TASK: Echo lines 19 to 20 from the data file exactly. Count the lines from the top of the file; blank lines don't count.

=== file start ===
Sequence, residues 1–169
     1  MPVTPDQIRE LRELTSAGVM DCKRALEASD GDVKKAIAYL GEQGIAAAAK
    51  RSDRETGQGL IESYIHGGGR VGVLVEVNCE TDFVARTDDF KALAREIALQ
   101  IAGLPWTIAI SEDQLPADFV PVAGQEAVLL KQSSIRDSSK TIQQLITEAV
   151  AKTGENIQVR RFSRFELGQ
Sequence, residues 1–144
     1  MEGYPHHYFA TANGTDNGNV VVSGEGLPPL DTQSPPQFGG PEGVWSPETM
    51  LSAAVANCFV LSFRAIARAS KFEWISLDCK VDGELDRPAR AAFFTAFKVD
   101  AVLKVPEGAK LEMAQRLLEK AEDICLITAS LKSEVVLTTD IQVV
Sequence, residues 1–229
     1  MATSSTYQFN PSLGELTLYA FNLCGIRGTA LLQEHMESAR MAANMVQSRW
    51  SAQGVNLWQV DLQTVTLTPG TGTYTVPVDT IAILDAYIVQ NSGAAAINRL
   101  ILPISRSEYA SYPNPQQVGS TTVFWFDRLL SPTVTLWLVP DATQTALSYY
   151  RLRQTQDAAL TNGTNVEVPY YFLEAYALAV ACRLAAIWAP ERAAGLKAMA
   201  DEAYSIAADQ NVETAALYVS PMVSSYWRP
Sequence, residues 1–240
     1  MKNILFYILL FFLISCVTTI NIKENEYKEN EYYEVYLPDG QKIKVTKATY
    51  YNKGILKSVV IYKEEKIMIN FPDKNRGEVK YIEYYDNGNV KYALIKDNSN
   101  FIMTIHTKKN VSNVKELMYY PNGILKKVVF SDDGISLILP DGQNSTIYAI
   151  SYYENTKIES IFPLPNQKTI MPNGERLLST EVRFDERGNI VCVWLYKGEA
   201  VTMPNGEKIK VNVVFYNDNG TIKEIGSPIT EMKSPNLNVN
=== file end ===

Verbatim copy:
   101  FIMTIHTKKN VSNVKELMYY PNGILKKVVF SDDGISLILP DGQNSTIYAI
   151  SYYENTKIES IFPLPNQKTI MPNGERLLST EVRFDERGNI VCVWLYKGEA